4. Read their book! Seems obvious, but with everyone’s busy lives, it’s easy to set a book aside for later and then forget about it. Please don’t let this happen– an unread author is an unhappy author.

5. Review or rate their books on sites like Amazon or Goodreads (bookstore sites are also good). If you like what you’ve read– let the world know what you think. Just a line or two will do.

6. Share on social media (and tell your friends too). Help spread the word.

selective focus photography of woman using smartphone beside bookshelf
Photo by rawpixel.com on Pexels.com

7. Go to their events. Say hi, get a book signed, let them know they’re not sending their work out into a void. Writers might not be the most social people, but we love meeting our readers!

Do you have other ways to help support your favourite indie authors? Share in the comments…

Cheers,

Aspasía S. Bissas

PS: Take a moment to download your FREE copies of my short stories Tooth & Claw and Blood Magic (or if you already have, click the links to leave a rating/review)!

                   free short story by aspasia s. bissas    Tooth & Claw, free short story by Aspasia S. Bissas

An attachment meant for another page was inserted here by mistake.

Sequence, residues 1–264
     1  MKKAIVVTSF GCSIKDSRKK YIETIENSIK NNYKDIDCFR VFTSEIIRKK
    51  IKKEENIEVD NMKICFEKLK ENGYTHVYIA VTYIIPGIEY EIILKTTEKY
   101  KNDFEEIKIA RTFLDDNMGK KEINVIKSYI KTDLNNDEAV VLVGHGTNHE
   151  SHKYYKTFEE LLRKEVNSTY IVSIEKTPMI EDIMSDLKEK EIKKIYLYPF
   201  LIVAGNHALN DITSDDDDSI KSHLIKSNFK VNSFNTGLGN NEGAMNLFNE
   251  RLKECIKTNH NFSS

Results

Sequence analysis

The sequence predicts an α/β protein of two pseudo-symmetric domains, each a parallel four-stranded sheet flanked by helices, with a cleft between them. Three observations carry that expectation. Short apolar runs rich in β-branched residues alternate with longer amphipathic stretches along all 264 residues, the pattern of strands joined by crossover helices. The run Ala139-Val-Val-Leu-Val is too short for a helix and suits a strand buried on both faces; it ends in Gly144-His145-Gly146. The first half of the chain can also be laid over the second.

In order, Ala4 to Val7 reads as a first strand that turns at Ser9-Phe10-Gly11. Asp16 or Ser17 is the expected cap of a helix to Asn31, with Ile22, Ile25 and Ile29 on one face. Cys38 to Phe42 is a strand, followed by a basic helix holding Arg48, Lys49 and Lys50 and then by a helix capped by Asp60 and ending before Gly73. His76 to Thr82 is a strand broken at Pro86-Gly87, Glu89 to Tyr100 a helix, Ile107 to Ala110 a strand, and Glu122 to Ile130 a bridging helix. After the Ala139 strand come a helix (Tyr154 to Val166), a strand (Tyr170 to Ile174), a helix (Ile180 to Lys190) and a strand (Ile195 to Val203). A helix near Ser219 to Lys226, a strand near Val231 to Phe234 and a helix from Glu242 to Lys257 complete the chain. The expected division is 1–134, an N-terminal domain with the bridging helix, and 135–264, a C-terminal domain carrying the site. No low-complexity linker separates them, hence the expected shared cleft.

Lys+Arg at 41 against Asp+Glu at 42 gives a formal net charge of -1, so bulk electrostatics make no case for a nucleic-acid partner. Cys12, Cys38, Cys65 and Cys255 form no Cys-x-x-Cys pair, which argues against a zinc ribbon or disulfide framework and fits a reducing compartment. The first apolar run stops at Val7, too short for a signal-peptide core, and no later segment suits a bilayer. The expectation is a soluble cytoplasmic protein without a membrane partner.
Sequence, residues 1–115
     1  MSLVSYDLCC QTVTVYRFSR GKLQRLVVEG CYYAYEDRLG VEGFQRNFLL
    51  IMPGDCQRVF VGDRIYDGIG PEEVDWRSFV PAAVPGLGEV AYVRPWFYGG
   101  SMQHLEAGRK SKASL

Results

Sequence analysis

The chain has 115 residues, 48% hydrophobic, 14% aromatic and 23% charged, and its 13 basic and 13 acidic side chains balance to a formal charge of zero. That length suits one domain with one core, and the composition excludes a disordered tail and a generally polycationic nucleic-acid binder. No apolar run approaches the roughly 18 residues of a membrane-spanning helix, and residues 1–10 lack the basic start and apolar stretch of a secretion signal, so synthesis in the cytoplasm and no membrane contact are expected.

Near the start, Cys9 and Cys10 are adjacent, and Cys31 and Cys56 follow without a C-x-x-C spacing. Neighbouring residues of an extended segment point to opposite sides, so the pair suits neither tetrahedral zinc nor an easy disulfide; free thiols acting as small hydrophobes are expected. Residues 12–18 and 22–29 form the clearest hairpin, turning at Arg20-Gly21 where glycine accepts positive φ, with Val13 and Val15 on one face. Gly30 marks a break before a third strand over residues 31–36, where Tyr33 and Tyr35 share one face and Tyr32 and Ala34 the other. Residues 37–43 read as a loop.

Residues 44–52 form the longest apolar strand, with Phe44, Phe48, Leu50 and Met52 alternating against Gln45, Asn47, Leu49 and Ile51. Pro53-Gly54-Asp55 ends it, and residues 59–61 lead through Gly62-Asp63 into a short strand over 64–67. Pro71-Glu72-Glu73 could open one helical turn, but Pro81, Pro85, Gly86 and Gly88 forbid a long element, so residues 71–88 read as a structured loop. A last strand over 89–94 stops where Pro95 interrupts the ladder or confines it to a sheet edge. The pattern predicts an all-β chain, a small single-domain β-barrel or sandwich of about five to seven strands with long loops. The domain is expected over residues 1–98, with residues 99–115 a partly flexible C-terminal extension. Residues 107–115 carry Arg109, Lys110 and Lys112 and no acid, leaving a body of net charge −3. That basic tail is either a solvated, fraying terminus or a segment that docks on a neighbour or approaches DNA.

Happy Labour Day Weekend

Happy Labour Day from Aspasia S. Bissas
Hope you’re spending this long weekend relaxing with friends and family. Don’t forget to thank your local unions for this statutory holiday (not to mention two-day weekends in general) 🙂
And a quick reminder that my new story, Tooth & Claw, will be available free on 7 September!
Tooth & Claw, free short story by Aspasia S. Bissas
Mara, Dominic, and their fellow vampires arrive in Marseille, France in 1909, only to find another predator already on the loose. As the city tries to cope with a killer stalking the streets, Mara struggles to separate memory from delusion. Can she find peace when the past is haunting, the present overwhelming, and the future hopeless? Inspired by real events.
In the meantime, don’t forget to download my other FREE short story Blood Magic, and while you’re at it, pick up Love Lies Bleeding too, available in paperback or e-book. Your support is much appreciated.

Tooth & Claw, a new FREE short story inspired by actual events, available 7 September.

 

Cheers,

Aspasía S. Bissas